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Impact of Artificial Intelligence in Travel, Tourism, and Hospitality

  • Jacques Bulchand-GidumalEmail author
Living reference work entry

Abstract

Artificial intelligence (AI) is currently present in almost every area of travel and tourism, appearing in different types of applications such as personalization and recommender systems, robots, conversational systems, smart travel agents, prediction and forecasting systems, language translation applications, and voice recognition and natural language processing systems. Recent improvements in big data, algorithms, and computing power have enabled significant enhancements in AI. In this chapter, we review how AI has changed and is changing the main processes in the tourism industry. We start with the IT foundations of AI that are relevant for travel and tourism and then address the AI systems and applications available in the sector. We then examine hospitality in detail, as a sector in which most of these systems are being implemented. We conclude with the challenges that AI faces in the tourism sector, a research agenda, and draw a scenario of the future of AI in tourism.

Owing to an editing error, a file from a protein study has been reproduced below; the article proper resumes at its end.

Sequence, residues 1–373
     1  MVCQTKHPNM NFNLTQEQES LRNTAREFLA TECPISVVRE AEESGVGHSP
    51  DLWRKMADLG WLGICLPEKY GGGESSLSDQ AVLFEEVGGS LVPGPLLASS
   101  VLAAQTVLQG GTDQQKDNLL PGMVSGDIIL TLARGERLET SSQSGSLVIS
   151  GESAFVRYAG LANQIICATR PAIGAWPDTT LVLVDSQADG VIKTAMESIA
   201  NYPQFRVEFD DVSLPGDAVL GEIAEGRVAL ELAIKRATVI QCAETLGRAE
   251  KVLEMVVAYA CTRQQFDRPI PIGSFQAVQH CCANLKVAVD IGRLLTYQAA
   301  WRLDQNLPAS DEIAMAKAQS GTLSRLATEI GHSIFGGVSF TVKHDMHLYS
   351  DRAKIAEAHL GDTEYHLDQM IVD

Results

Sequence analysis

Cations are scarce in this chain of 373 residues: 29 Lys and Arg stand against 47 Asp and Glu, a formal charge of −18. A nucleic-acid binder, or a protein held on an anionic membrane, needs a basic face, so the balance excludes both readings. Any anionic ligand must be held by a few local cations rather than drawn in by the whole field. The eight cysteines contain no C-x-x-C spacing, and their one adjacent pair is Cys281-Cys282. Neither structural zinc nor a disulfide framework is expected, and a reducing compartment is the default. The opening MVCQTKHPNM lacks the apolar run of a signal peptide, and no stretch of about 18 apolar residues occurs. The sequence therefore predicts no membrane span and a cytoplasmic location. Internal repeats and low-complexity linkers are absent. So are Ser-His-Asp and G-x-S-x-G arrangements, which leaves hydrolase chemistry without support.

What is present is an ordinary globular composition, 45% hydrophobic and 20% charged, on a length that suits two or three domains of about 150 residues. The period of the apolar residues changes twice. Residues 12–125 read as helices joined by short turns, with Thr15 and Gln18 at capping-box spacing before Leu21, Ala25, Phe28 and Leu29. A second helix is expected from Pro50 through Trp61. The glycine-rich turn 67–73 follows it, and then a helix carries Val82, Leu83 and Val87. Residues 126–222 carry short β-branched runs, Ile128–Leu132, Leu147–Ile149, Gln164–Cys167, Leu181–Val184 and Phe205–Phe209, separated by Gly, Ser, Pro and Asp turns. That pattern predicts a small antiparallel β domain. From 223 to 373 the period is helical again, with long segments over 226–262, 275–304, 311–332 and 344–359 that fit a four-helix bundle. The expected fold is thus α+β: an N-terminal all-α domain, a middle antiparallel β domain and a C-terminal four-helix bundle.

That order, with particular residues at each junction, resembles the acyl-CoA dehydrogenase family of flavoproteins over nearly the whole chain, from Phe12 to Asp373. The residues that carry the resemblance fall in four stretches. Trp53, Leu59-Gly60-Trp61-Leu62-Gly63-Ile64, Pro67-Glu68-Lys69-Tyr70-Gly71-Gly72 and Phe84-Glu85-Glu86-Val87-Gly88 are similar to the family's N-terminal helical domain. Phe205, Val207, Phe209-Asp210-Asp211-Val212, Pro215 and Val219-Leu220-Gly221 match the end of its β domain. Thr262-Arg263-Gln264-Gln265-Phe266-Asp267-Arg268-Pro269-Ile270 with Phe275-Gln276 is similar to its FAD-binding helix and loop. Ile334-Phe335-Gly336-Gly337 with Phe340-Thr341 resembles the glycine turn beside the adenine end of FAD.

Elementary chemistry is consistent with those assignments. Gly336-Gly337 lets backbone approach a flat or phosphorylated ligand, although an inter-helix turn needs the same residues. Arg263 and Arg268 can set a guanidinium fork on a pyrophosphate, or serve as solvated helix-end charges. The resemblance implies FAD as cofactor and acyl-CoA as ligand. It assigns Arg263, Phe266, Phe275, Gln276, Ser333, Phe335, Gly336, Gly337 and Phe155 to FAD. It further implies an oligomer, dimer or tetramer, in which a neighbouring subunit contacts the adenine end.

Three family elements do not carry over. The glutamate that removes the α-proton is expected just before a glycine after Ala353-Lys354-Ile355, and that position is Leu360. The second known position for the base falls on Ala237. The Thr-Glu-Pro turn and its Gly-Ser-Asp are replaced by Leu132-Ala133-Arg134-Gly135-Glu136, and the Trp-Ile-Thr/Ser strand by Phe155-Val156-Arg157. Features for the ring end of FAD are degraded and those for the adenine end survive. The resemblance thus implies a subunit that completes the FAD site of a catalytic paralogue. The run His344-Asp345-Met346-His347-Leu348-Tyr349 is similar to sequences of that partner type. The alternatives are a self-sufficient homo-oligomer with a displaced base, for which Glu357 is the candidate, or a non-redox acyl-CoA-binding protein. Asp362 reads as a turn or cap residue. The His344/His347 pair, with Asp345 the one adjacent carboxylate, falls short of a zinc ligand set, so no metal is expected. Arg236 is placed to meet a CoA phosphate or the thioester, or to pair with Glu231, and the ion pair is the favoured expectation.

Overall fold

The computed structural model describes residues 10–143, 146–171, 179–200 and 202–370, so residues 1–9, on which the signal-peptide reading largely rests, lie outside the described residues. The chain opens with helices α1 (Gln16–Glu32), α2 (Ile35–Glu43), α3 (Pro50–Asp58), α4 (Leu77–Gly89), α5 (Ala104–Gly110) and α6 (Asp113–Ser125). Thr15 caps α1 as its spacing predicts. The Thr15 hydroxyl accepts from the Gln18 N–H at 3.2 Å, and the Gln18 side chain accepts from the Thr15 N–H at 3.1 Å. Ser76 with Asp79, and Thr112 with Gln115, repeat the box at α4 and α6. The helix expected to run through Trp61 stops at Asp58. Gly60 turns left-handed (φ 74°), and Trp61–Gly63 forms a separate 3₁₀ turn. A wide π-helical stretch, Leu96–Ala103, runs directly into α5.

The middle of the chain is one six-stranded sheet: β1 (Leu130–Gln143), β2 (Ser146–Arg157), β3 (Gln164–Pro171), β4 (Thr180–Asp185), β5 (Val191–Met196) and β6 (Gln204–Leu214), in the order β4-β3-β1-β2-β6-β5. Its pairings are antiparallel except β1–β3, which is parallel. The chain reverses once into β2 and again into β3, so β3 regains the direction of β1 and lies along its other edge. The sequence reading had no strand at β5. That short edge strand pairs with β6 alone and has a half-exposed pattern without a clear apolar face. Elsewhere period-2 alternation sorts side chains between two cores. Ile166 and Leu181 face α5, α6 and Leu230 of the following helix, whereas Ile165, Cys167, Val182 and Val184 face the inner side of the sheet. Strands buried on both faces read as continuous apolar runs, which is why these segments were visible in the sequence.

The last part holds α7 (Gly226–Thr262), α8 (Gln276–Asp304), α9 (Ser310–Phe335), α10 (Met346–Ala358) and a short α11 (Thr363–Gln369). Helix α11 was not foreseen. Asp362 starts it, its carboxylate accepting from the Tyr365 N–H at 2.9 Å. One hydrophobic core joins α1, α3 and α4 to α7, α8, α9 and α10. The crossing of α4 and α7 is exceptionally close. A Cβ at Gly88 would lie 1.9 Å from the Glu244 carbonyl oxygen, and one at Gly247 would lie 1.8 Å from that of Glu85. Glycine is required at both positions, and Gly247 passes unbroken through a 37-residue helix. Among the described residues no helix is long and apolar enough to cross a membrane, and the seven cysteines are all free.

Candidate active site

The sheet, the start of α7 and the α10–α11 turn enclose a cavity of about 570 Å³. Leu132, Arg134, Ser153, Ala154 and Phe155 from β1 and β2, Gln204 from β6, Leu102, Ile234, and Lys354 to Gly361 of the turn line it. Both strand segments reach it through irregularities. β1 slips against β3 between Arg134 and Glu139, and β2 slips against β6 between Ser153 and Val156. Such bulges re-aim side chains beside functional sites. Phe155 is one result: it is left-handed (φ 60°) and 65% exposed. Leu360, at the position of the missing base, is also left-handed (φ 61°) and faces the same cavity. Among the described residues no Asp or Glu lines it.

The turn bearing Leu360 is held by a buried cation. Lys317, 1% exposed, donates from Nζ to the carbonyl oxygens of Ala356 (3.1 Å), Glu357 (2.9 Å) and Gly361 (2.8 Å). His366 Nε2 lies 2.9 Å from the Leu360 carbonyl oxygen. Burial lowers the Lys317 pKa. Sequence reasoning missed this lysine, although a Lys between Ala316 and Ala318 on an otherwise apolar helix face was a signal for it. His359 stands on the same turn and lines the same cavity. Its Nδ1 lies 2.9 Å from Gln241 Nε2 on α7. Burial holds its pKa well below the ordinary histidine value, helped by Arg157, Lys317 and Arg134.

Keywords

Big data Deep learning Machine learning Personalization Forecasting Robots 

Introduction